post Cataract Surgery
With new eyes, I discover
dust has invaded my home,
infesting bookshelves, picture frames,
computer screens, lamps, baseboards…
and nooks and crannies it had not,
to my knowledge, ever crept into before.
Handprints decorate the walls
beside previously unseen peeling paint
and hairline cracks in the gyprock.
The wrinkles on my face and neck
and ones I had been aware of
have deepened into furrows.
So I leave my house and my mirror
and go outside
where the scenery that surrounds me
is no longer one-dimensional.
Hills sit in front of majestic mountains
where they used to.
Rocky peaks capped with snow
no longer line up side by side
but arrange themselves around gorges and valleys,
staggered to gain access to the sunlight
that has not been this bright in years.
And trees and shrubs and rocks and grass
decorate the hillside,
each with their own hues
and textures I want to reach up and touch.
I walk the trails
and gray birds that once flew overhead
or perched among the branches of tall trees,
remarkable only by their songs,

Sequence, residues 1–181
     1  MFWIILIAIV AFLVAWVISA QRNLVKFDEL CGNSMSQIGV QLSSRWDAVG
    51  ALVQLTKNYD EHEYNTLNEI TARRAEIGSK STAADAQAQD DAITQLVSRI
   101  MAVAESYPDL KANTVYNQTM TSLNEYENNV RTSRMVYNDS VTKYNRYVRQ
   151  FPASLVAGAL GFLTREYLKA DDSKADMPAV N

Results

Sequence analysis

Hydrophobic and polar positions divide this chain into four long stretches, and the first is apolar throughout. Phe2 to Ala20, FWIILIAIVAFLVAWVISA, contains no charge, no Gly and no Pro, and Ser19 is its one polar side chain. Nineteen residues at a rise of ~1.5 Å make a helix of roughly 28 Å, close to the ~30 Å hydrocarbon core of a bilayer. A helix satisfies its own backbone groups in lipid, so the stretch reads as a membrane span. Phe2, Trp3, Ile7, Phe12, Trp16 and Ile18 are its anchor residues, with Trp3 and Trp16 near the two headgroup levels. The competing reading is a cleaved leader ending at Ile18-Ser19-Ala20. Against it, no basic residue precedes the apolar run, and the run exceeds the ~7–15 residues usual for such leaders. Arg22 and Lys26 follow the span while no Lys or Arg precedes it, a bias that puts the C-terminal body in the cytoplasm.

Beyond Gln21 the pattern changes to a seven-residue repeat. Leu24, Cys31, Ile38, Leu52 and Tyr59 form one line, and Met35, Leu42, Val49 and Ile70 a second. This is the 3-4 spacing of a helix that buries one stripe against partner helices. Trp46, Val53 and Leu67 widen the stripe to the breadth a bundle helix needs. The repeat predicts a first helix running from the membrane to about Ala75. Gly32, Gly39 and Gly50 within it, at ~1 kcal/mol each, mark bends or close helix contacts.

now have white bars on brightly colored wings
and sometimes an ebony necklace,
dark against a creamy neck,
and complete eye rings—
they even have eyes.
Leaves and needles and grass and moss
display themselves in more shades of green
than were ever in my box of crayons.
Were the colors of flowers and autumn leaves
ever as vivid as they are now?
I return home when sunlight no longer
I don’t wish to see.
And someday, perhaps,
when the mountains and hills and trees
disappear behind clouds,
and the wind howls,
and the temperature plummets,
I will deal with the dust and the handprints.
And maybe, perhaps, one day,
I will deal with the peeling paint.
And the wrinkles?
I’ve earned them—
and worrying only brings more.
...Merilyn Ruth Liddell (Dec.2017)